Judiciary Committee Chairman Jerrold Nadler (D-N.Y.) presides over an oversight hearing. (Melina Mara/The Washington Post)

Democrats’ frustration with Speaker Nancy Pelosi’s unwillingness to impeach President Trump is reaching a fever pitch following reports that Trump pressured Ukraine to investigate a political rival — a step the California Democrat declined to endorse Sunday.

An increasingly vocal group of pro-impeachment House Democrats are starting to dismiss their own oversight of Trump as feckless, even accusing their colleagues of emboldening the president by refusing to stand up to what they see as lawless behavior.

At the very least, these Democrats say, the House should be taking more aggressive action to break the unprecedented White House stonewalling, possibly even fining defiant Trump officials, an idea Pelosi dismissed this year.

“At this point, the bigger national scandal isn’t the president’s lawbreaking behavior — it is the Democratic Party’s refusal to impeach him for it,” Rep. Alexandria Ocasio-Cortez (D-N.Y.), a longtime impeachment backer, tweeted late Saturday night. “It is one thing for a sitting president to break the law. It’s another to let him. .?.?. The GOP’s silence & refusal to act shouldn’t be a surprise. Ours is.”

Even House Intelligence Committee Chairman Adam B. Schiff (D-Calif.), an impeachment skeptic and Pelosi ally, suggested impeachment might be inevitable and called reports of Trump requesting that a Ukrainian leader investigate a business connected to former vice president Joe Biden’s son “the most profound violation of the presidential oath of office.”

Trump suggested Sunday that he mentioned Biden and his son Hunter in a phone call with Ukrainian President Volodymyr Zelensky. Trump has denied that he did anything wrong amid questions about whether he used his power to seek help from a foreign country for his reelection bid.

Schiff: Inspector general found whistleblower concern was ‘urgent matter’

Rep. Adam B. Schiff (D-Calif.) on Sept. 19 said a whistleblower complaint to the intelligence community met the threshold requiring notification of Congress. (JM Rieger/The Washington Post)

“I have been very reluctant to go down the path of impeachment.  This would be an extraordinary remedy of last resort, not first resort,” Schiff said Sunday on CNN’s “State of the Union.” “But if the president is essentially withholding military aid at the same time that he is trying to browbeat a foreign leader into doing something illicit that is providing dirt on his opponent during a presidential campaign, then that may be the only remedy that is coequal to the evil that that conduct represents.”

Pelosi, according to people close to her, realizes Trump’s Ukraine request — and particularly the administration’s refusal to share a whistleblower complaint about those communications with Congress — could intensify the House fight with the White House. She and Schiff were in touch throughout the weekend, syncing up strategies and talking points, according to an official familiar with the conversations.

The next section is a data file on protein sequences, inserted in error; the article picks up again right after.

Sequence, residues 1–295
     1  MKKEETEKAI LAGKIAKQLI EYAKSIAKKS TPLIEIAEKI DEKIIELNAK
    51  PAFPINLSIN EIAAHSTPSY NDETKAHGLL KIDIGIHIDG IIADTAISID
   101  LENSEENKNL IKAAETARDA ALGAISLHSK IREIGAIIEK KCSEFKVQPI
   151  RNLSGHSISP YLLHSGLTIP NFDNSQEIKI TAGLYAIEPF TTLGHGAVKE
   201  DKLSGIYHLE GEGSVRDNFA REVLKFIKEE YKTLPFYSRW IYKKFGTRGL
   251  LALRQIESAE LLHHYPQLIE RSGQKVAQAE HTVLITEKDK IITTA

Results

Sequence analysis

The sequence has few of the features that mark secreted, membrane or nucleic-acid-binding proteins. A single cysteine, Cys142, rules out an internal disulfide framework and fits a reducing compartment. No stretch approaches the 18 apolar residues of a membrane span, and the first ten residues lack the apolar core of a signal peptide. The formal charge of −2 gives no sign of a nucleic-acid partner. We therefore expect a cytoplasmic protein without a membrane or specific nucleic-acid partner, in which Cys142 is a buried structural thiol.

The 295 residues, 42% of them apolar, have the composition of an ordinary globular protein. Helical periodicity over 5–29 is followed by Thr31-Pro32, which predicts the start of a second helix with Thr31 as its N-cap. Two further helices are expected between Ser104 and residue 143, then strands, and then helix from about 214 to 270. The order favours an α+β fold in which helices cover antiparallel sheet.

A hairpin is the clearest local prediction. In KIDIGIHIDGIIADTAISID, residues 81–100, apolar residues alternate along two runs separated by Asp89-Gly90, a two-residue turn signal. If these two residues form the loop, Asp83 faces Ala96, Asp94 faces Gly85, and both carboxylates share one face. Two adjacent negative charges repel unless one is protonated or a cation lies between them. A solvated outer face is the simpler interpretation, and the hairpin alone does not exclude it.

In a rare Sunday afternoon “Dear Colleague” letter — sent to Republicans and Democrats — the speaker called for the director of national intelligence to turn over the whistleblower complaint detailing Trump’s interactions with Ukraine. Pelosi threatened an unspecified escalation in House action if they refuse — but notably stopped short of impeachment.

“If the administration persists in blocking this whistleblower from disclosing to Congress a serious possible breach of constitutional duties by the president, they will be entering a grave new chapter of lawlessness which will take us into a whole new stage of investigation,” she wrote.

Politicians weigh in after Trump urges Ukrainian investigation

Politicians including Sen. Lindsey O. Graham (R-S.C.) and Sen. Chris Coons (D-Del.) spoke on Sept. 22 about President Trump’s call to investigate Hunter Biden. (The Washington Post)

The growing calls to impeach Trump — or do something bold to confront the White House — follows an embarrassing week for House Democrats. Many feel increasingly helpless in fighting the White House’s obstruction, as Pelosi looks to the courts to uphold congressional subpoenas, a process that has taken months and could drag out for years.

On Tuesday, Corey Lewandowski, Trump’s former campaign manager, infuriated Democrats with his behavior at a House Judiciary Committee hearing, mocking lawmakers on the panel, talking over them and promoting his own potential Senate campaign.

Several Democrats on the panel privately pressed House Judiciary Chairman Jerrold Nadler (D-N.Y.) to hold Lewandowski in contempt on the spot, an idea Pelosi later endorsed — spurring their sense of urgency. But Nad­ler’s staff, which wanted to keep the focus on Trump, said the logistics of doing so immediately were too complicated, if not impossible — a decision that left many on the panel feeling angry and frustrated.

“To clear up a technical point: House rules do not permit us to hold anyone in contempt on the spot,” wrote one Judiciary staffer in an email to placate panel members earlier in the week. “Which is not to say we do not understand the strong impulse to punch this guy in the mouth.”